Opinion: Voters to Decide Military Spending Priorities This Fall

Only paying attention to media coverage, one can summarize the general election hinges solely on two issues: coronavirus and the idea — or lack thereof — “Law and Order” in our nation’s big cities. Other issues like security from foreign threats and the economy affect daily lives just as much and will remain top-of-mind on Election Day for the American voter.

Military spending may be a sleeper issue that could affect the election. Having a sense of strong national security is important to voters, who tend to feel Republicans are stronger in this policy area. If voters want to defend the homeland, President Trump has built a strong case for his presidency with his accomplishments in fighting terrorism abroad and increasing our military infrastructure. In contrast, his opponent can hardly piece a sentence together and the third in line to the nuclear codes just admitted to being duped by a salon owner. And no offense to savvy salon owners everywhere, but if you can be played by a salon owner, you can certainly be played by a ruthless dictator.

Trump has already trumpeted his accomplishments on increasing military spending while reducing foreign entanglements. Defense policy may come into focus because of recent threats coming from Iran and North Korea. The core of defense policy for voters is the idea of protecting the homeland from terrorism and a nuclear missile threat. Military policy and how the candidates handle missile defense matters, and how voters perceive Joe Biden’s inability to do so may move enough votes in swing states to determine future control of the White House and the Senate.

The Trump team can boast on the campaign trail that Trump has pushed $1.5 trillion in military spending in the last two Pentagon funding packages while working on a “new strategy for Afghanistan to protect the American people based on stability and security so terrorists cannot use the country as a base to threaten U.S. interests” while reducing the American presence there.

The president also put “maximum pressure on North Korea to denuclearize” and confronted “Iran’s aggression.”

The American people want to feel safe, and with the tough talk coming from North Korea and Iran, it is important to have a fully funded system in place to protect us from credible threats. More can be done.

One program in need of resources moving forward is the Ground-Based Midcourse Defense (GMD) program. This program protects from the danger of nuclear missiles coming from established threats, like Russia and China, or emerging threats from nations moving toward becoming nuclear powers, like North Korea and Iran. Trump has put resources toward a strong missile defense system, but even more can be done to modernize the program. One problem was a contractor issue where the “kill vehicles” were not manufactured to the Pentagon’s satisfaction and it had to look for an alternative. This problem screams out for more funding to make the program better.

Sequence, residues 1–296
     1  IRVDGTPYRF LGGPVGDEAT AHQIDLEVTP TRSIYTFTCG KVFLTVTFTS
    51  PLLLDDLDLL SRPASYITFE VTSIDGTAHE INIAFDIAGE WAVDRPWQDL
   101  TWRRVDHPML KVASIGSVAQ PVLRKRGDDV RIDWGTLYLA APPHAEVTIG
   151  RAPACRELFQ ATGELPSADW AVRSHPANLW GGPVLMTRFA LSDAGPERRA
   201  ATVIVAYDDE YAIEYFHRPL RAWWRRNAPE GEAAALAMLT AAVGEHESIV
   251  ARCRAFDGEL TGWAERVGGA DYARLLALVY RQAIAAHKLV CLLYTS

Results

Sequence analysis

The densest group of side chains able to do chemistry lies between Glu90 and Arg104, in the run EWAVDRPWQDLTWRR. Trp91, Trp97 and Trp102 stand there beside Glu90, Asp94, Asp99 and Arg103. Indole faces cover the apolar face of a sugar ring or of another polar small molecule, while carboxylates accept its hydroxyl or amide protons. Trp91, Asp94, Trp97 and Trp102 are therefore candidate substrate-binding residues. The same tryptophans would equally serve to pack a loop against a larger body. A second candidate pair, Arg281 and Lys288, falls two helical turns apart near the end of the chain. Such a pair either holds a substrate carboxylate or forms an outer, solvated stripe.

The issue of funding for missile defense may become an issue in the debates because more money is needed to upgrade the GMD. Forbes reported on September 1, “In the midst of a global pandemic and hard-fought election season, it is easy to lose sight of the biggest danger to our democracy” being “the threat posed by nuclear weapons.” This is a program that was activated in 2004 when threats were emerging that necessitated a military program that could intercept missiles while in space and far away from the homeland.

The GMD program is not a big part of the overall military budget that is annually about $700 billion. Forbes put a number on the GMD “budget for the period 2021-2025 amounts to $10 billion — less than a single day’s worth of federal spending at current rates.” It makes sense that “devoting 1-2 percent of the defense budget to protection of our homeland against the most unpredictable nuclear actor on the world stage is easy to justify.”

Even if it is not used to shoot down a massive attack or even to be just a deterrent, it can be used to “intercept other small-scale nuclear threats, such as an accidental launch by Russia or a future Iranian missile attack.”

Both candidates should agree that a boost to GMD makes sense right now, even though there will be big disagreements on military priorities.

Safety is on the mind of the American voter this cycle. It is up to our leaders to protect our families and businesses from home-grown threats by terrorist groups while not neglecting to protect us from terrorism abroad. The tone and way safety and security are discussed these final two months of the election cycle may ultimately provide a tipping point and decide the 2020 election.

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